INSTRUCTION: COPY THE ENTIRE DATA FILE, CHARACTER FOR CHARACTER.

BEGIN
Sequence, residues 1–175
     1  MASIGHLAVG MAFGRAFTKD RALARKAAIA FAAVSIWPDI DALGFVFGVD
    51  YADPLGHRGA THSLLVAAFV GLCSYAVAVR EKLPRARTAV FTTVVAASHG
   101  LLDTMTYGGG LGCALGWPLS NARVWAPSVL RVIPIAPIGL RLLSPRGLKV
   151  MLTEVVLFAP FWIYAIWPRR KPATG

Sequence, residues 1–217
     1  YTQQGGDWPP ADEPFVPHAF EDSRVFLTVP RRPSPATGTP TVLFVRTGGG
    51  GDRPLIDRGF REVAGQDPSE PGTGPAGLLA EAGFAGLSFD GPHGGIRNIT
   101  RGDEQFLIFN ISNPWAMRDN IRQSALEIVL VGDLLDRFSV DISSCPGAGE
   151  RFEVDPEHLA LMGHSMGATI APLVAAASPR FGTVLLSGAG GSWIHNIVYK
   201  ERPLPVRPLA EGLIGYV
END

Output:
Sequence, residues 1–175
     1  MASIGHLAVG MAFGRAFTKD RALARKAAIA FAAVSIWPDI DALGFVFGVD
    51  YADPLGHRGA THSLLVAAFV GLCSYAVAVR EKLPRARTAV FTTVVAASHG
   101  LLDTMTYGGG LGCALGWPLS NARVWAPSVL RVIPIAPIGL RLLSPRGLKV
   151  MLTEVVLFAP FWIYAIWPRR KPATG

Sequence, residues 1–217
     1  YTQQGGDWPP ADEPFVPHAF EDSRVFLTVP RRPSPATGTP TVLFVRTGGG
    51  GDRPLIDRGF REVAGQDPSE PGTGPAGLLA EAGFAGLSFD GPHGGIRNIT
   101  RGDEQFLIFN ISNPWAMRDN IRQSALEIVL VGDLLDRFSV DISSCPGAGE
   151  RFEVDPEHLA LMGHSMGATI APLVAAASPR FGTVLLSGAG GSWIHNIVYK
   201  ERPLPVRPLA EGLIGYV